Take the 2-minute tour ×
Stack Overflow is a question and answer site for professional and enthusiast programmers. It's 100% free, no registration required.

Python newbie here. I'm writing a script that can dump some output to either a file or stdout, depending on the arguments passed to it. When interpreting arguments, I assign either an open'ed file or stdout to a global variable named output_file, which can be used by the rest of the script to write output regardless of what type of stream was selected. At the very end of the script I close output_file. This is proper to do for a file stream, and though it's redundant for stdout, my experience with other programming languages suggests that there's no harm in explicitly closing stdout immediately before the program ends.

However, whenever stdout is used for output (and subsequently closed), I get a "ValueError: 'I/O operation on closed file.'". I know this error is not directly produced by my call to close stdout, but occurs after my script returns. My question is: Why does this happen, and is there a way to manually close stdout without triggering it? (I'm aware that I can easily work around the problem by conditionally closing the stream only when a file was selected, but I want to know if/why this is necessary.)

Very simple demonstrative snippet:

from sys import stdout
stdout.close()
share|improve this question
    
Please check your code on any operations with output_file after closing stdout() or put here more code since the given snippet could produce ValueError only if output_file.write(..) been used after snippet. –  Vladimir Feb 5 '12 at 8:48
    
The given snippet produces the error all on its own. –  nonoitall Feb 5 '12 at 9:16

3 Answers 3

up vote 5 down vote accepted

The problem is that on python-3.2 there's an attempt at shutdown to flush stdout without checking if it was closed.

The issue13444 is about this.

You shouldn't have this problem in python-2.7 in releases after the fixing patch.

share|improve this answer
    
Glad to hear it's not all down to me not knowing Python. Thanks for pointing that out. :-) –  nonoitall Feb 5 '12 at 10:18

Once you've closed stdout in this manner, you have to be absolutely sure that nothing will attempt to print anything to stdout. If something does, you get that exception.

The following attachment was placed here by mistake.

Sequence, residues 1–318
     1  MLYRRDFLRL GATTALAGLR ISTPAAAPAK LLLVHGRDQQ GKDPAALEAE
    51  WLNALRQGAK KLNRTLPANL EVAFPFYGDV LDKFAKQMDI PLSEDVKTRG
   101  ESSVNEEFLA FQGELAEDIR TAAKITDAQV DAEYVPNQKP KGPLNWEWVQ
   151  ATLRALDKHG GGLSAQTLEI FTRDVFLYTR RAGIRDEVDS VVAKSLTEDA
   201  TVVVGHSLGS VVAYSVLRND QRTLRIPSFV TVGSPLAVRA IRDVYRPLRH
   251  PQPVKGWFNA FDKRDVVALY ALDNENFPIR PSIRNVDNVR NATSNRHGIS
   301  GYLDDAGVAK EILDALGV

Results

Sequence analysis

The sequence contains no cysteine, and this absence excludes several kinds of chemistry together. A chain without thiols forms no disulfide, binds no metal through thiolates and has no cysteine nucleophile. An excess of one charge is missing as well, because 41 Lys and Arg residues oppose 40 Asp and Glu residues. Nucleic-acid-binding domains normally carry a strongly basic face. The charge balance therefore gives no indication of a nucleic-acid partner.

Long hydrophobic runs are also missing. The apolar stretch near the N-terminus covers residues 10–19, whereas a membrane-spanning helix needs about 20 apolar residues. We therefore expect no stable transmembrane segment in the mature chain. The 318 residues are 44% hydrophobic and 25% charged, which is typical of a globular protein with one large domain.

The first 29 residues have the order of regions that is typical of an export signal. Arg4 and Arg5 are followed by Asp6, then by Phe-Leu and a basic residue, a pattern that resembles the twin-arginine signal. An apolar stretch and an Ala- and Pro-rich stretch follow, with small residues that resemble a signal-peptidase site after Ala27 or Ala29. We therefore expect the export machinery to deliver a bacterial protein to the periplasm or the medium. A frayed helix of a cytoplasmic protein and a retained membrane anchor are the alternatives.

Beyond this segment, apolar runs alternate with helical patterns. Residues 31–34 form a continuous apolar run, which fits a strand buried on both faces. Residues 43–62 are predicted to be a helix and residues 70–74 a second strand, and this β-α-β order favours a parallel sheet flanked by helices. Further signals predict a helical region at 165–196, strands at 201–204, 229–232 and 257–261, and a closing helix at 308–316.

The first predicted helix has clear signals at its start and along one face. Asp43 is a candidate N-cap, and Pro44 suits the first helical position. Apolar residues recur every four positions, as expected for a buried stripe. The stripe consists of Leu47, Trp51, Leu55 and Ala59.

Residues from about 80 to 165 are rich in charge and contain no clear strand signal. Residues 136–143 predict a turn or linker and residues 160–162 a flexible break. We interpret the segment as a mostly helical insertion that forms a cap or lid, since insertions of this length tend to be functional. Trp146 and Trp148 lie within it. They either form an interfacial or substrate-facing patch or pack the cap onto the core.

My recommendation would be to close output_file conditionally:

if output_file != sys.stdout:
    output_file.close()

edit Here is an example where sys.stdout is closed right at the very end of the script, and that nonetheless produces a ValueError: 'I/O operation on closed file when run.

import atexit

@atexit.register
def goodbye():
    print "You are now leaving the Python sector."

import sys
sys.stdout.close()
share|improve this answer
    
Nothing in my script prints to stdout after the call to close it. (The call to close it is the very last line in the script.) Is there something else I can do to prevent this 'mystery culprit' from using stdout after I've closed it? :-P –  nonoitall Feb 5 '12 at 8:58
    
@nonoitall: Sure, you can suppress it (e.g. by assigning stdout to some stream that discards everything that's written into it). However, given that at this point you don't even know what it is that's writing to stdout, blindly discarding that output seems like a rather silly thing to do. –  NPE Feb 5 '12 at 9:05
    
Does anybody know what it is that's writing to stdout? Even if the atexit portion is removed from your example script, the error still occurs. (See my snippet.) The only line in the whole script can be the call to close stdout, and the error will still be thrown. /me wonders why. –  nonoitall Feb 5 '12 at 9:13
    
@nonoitall: What happens when you run a script that consists only of import sys? Does that produce any output? (If you're on Unix, run python xyz.py | wc to see if you get all zeroes, where xyz.py is the script in question). –  NPE Feb 5 '12 at 9:16
    
Am on Windows so don't have wc handy, but a script with only import sys produced no output. (Redirected its stdout to a file via the command line and the resulting file was completely empty.) –  nonoitall Feb 5 '12 at 9:25

Before closing you can check output_file.closed file:

if not output_file.closed:
    output_file.close()

And make sure you have no I/O calls to output_file after closing.

share|improve this answer
    
Doesn't solve the problem. My call to close stdout is not the direct cause of the error; stdout is open when I close it. It's after my script returns that something else attempts to use the stream, causing the error. I'm wondering what the something else is, and if there's a way to suppress it. –  nonoitall Feb 5 '12 at 9:01
    
Could you provide an error stacktrace? –  Vladimir Feb 5 '12 at 9:57

Your Answer

 
discard

By posting your answer, you agree to the privacy policy and terms of service.

Not the answer you're looking for? Browse other questions tagged or ask your own question.